There’s something in us that longs for deep family connection and unity, and when we find it, it becomes precious to us. Family is home. Who is your family? Who feels like home for you?
Healthy, Christ-centered preaching is an essential part of every Sunday worship service, and you have an active role in that. Preaching isn’t just a boring, irrelevant lecture. God calls us to something far better.
Do you realize that Jesus considered you precious? He considered it a joy to redeem you. That’s the love we are rooted in. It’s not our own fickle, fleeting, weak love. It is our Lord’s eternal, unshakable, true love. Jesus is worth the pain. He’s worth the awkward, sheepish shame that so often comes with repentance. He’s worth imprisonment. He’s worth celibacy and ridicule. He’s worth the cost of obedience.
We’re a gnarly, messy bunch of branches. We didn’t earn the life Jesus fills us with, and we’ve still got a long way to go before we’re completely pruned. But God in His infinite love and power and mercy chose to graft us to Jesus so that we might abide in Him. And this invitation is open to all.
If you know anything about the book of Job, this might seem like an odd choice of passage for a thanksgiving message. Most of the book of Job shows a miserable man, deep in suffering, longing for death, looking for an explanation of why God would allow a righteous man to suffer so horribly. Job’s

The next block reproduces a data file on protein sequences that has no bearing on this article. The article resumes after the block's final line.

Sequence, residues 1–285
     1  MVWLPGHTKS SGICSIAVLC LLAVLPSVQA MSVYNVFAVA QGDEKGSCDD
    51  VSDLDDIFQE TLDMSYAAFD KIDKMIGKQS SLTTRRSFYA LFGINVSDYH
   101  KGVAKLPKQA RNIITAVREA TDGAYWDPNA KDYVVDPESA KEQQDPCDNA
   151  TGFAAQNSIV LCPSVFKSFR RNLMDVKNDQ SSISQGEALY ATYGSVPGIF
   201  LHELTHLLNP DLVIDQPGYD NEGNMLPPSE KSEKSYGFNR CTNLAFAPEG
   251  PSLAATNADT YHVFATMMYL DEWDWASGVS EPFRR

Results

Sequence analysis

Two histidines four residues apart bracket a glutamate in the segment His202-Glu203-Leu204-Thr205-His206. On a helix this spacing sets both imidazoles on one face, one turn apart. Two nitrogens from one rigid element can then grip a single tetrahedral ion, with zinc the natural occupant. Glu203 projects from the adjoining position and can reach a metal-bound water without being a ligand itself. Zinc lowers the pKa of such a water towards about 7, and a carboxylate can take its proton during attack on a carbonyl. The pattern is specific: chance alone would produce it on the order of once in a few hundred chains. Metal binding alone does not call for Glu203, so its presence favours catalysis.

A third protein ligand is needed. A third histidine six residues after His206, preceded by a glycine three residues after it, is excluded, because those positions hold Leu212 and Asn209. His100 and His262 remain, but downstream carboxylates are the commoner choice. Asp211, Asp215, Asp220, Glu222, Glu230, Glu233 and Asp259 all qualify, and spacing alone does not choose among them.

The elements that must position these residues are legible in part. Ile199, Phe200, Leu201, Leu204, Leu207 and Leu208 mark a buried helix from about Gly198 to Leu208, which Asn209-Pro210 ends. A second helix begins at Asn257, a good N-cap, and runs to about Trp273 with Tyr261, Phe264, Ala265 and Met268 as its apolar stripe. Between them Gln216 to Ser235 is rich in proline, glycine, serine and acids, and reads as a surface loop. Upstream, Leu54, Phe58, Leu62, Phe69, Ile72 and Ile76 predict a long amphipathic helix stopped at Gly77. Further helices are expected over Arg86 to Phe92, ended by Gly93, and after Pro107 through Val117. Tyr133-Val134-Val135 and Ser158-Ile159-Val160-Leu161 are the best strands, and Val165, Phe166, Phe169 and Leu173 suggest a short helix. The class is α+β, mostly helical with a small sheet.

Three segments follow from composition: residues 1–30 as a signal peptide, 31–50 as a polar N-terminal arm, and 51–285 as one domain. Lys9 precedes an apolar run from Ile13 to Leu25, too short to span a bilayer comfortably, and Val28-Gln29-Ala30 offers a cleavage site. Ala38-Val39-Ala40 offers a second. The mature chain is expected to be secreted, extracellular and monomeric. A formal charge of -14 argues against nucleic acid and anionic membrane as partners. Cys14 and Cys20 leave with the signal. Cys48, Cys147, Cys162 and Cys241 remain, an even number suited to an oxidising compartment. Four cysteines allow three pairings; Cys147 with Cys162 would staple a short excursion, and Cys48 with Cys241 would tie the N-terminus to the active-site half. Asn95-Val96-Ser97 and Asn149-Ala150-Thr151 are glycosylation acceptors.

This sermon was preached for RUF at CNU’s Virtual Large Group on April 1, 2020. RUF’s Large Group is a weekly worship service that has now shifted to live-streaming on YouTube thanks to COVID-19. Our passage comes from Jonah 2:1-10. 1 Then Jonah prayed to the Lord his God from the stomach of the fish,
Billy Graham famously used to say that the Bible is a love letter from God to humanity. That’s a pretty flowery, pleasant, popular message; I don’t know if I entirely agree with this, I don’t know if that’s a precise enough summary of the whole of Scripture. At the same time, I won’t say it’d
If I’m honest with myself, I’m not okay with being not okay. Don’t get me wrong. In one sense, this is holy…But there’s another way that not being okay with being not okay is evil and wrong. Instead of hating my sin, I tend to hate myself for sinning at all. I expect myself to be perfect—sinless—right now. Whenever I feel I’ve sinned, I’m thrown into despair. That’s wrong. Here’s why.